Fit for Trial in the Juvenile Justice System (and More) -- News Roundup
- Messaging Brief: Human Needs on the National Radar Screen
This brief from the National Human Services Assembly provides a great summary of framing messages effectively to support human services; includes worksheets.
- Video: "What's Your Elevator Speech?"
Youth workers give their best pitches telling viewers what their organization does to help youth -- and why viewers should support it. Thanks to National clearinghouse on Families and Youth.
New Guide for Community Collaboration (and More) -- News Roundup
- Promising Practice: Helping Young People into Employment
LA Fitness founder Fred Turok spearheaded "Transforming a Generation," a program that provides on the job training and has helped 1,400 young people into jobs or higher education.
- Two OJJDP Grants Cut for Lack of Funding
The Comprehensive Anti-Gang Strategies and Programs and Evaluation of the Second Chance Act Juvenile Mentoring Initiatives were worth $750,000. Both grants were not awarded due to spending cuts in 2011. (Hat tip to Youth Today)
- NIATx Training: Billing Third-Party Payers
This learning collaborative will focus on giving behavioral healthcare providers, including adolescent substance abuse treatment providers, the skills they need to bill third-party payers for their services. Application deadline has been extended to September 23.
- New Guide for Community Collaboration
The National Collaboration for Youth has created "Invitation to the Big Picture: Implementing a Local Collaboration for Youth in Your Community," a guide to identifying or forming an association of local child- and youth-serving agencies. Please use and share this guide with your national and local networks. (Hat tip FYI)
Join SAMHSA Recovery Month for "Twitter Chat" on Recovery
The Substance Abuse and Mental Health Services Administration (SAMHSA) Recovery Month is hosting its third Twitter chat to help spread the word that prevention works, treatment is effective, and people can and do recover.
The September #RecoveryChat will focus on celebrating Recovery Month and will be co-hosted by Dr. Westley Clark, director of SAMHSA’s Center for Substance Abuse Treatment, and Kathryn Power, director of SAMHSA’s Center for Mental Health Services. The chat will be held on Monday, September 12 from 12:30 pm - 1:30 pm PST / 3:30 p.m. – 4:30 p.m. EST.
Join the Twitter chat by asking questions and contributing to the dialogue about Recovery Month and substance use and mental health disorders by using the designated hashtag #RecoveryChat to track and participate in the conversation. By adding #RecoveryChat to the end of each tweet, you signify your involvement in the conversation. Also, be sure to tune in 15 minutes early for our first Twitterview with our expert co-hosts!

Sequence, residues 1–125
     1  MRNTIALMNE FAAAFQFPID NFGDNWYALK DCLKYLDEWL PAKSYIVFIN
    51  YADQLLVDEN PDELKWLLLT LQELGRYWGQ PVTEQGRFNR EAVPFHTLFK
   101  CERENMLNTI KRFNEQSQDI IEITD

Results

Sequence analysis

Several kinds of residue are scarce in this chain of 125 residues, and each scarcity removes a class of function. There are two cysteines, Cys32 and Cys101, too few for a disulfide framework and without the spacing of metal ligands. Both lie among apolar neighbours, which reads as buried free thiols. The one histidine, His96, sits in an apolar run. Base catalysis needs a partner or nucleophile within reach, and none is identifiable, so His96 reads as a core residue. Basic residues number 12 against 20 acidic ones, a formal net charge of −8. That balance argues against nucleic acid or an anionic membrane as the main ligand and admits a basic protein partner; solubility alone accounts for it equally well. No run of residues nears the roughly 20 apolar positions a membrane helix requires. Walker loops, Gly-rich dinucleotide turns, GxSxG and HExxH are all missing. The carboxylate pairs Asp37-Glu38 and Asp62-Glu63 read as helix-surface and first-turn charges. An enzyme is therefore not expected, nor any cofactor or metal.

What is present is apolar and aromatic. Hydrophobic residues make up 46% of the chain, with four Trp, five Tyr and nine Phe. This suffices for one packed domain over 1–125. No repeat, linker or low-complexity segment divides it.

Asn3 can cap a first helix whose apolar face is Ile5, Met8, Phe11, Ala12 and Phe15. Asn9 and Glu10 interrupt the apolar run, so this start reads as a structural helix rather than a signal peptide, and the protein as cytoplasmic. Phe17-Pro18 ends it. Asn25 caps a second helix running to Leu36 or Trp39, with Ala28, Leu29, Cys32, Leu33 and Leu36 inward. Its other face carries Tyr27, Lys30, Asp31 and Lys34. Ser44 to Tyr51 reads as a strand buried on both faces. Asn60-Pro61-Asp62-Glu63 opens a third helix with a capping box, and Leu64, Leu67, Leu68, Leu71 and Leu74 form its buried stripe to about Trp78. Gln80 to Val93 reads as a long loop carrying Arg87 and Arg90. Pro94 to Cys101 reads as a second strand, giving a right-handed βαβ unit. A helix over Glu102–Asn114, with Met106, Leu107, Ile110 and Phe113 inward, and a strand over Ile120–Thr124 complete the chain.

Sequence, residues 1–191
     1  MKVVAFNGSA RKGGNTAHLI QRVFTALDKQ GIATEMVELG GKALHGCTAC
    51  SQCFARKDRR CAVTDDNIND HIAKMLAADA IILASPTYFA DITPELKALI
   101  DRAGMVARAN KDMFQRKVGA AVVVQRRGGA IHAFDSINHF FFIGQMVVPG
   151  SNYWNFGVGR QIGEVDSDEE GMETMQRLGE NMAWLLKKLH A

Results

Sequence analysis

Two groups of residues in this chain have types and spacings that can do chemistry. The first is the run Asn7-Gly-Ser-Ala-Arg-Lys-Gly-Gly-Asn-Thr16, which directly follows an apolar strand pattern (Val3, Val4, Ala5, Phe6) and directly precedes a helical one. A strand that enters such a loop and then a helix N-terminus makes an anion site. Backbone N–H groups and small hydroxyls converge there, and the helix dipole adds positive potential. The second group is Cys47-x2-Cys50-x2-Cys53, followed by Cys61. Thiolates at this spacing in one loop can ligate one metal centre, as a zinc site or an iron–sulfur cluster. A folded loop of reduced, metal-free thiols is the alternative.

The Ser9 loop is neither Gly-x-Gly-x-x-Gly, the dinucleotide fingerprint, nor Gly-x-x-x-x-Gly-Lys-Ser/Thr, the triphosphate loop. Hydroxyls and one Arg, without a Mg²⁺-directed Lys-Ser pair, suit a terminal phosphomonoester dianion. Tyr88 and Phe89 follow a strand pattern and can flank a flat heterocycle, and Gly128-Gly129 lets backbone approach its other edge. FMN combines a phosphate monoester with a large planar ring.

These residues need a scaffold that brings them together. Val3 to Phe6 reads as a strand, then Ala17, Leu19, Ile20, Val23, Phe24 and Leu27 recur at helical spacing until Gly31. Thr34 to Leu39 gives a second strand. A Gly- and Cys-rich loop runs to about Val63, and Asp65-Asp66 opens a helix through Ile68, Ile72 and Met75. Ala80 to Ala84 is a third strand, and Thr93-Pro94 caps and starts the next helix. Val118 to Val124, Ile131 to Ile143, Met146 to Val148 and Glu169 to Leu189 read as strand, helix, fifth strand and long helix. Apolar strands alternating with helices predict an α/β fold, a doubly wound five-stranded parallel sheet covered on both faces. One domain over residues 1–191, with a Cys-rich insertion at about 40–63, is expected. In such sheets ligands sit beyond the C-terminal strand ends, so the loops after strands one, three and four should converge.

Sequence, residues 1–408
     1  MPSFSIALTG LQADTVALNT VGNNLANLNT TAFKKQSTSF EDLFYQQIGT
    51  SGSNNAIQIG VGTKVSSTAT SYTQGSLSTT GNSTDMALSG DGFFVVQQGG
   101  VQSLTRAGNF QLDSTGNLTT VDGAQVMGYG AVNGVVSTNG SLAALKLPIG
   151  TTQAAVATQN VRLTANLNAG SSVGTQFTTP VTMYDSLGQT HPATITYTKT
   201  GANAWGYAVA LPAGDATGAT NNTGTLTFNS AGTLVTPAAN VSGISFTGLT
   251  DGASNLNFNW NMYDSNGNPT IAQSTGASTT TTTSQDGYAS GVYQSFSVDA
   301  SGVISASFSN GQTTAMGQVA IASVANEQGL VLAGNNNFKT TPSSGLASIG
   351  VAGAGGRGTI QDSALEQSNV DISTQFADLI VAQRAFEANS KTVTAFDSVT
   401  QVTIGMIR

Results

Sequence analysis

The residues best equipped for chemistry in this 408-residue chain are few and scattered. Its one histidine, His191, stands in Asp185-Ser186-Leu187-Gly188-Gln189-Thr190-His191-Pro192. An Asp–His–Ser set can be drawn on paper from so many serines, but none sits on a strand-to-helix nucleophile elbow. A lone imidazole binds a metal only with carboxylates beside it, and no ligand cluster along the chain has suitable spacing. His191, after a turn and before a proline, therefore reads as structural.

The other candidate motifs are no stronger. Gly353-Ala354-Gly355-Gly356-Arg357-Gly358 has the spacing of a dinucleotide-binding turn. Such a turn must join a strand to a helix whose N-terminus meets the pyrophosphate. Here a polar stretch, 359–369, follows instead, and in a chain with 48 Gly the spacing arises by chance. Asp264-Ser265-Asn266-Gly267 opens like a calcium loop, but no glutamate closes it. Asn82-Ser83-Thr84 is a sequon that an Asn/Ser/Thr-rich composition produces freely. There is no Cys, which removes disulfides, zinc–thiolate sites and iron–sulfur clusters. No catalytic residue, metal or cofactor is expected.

SAMHSA/CSAT also encourages you to share your stories about planning or attending Recovery Month events, key learnings of what worked or what didn’t work for you or others in recovery, or other similar topics. During the chat, we are looking to not only answer questions, but also to raise awareness of the importance of prevention, the effectiveness of treatment, and the reality of recovery.
Not available for the chat? Tweet your questions to @RecoveryMonth in advance, using the hashtag #RecoveryChat. If you aren’t on Twitter, but are interested in asking a question, feel free to post questions on the Recovery Month Facebook Page or send questions in an email to firstname.lastname@example.org.
[Reprinted from a SAMHSA press release with minor changes.]
States Save Millions by Downsizing & Closing Juvenile Prisons (and More) -- News Roundup
- Report: Tribal Youth in the Federal Justice System
Cosponsored by OJJDP and the Bureau of Justice Statistics, this report is now available online. The report describes findings from a study that explored issues surrounding American Indian youth who are processed in the federal justice system, and discusses the prevalence, characteristics, and outcomes at each stage of the justice system.
- From PBS: Stats and Facts on Juveniles Tried as Adults
Evidence that deterrent effects are minimal or nonexistent, and that, trying juveniles in criminal court may result in higher rates of reoffending.
- Juvenile Offender Becomes Advocate for Youth At-Risk
Starcia Ague helped push through a law in the state of Washington that allows Class A juvenile felony records to be sealed, at the discretion of the judge, as long as youth have a clean record for five years after their release.
The Effects of Drug Testing in Schools (and More) -- News Roundup
- Health and Human Services Awards $40 million
Grants were awarded to 39 state agencies, community health centers, school-based organizations and non-profit groups in 23 states for efforts to identify and enroll children eligible for Medicaid and the Children's Health Insurance Program. (Hat tip to Rob Vincent.)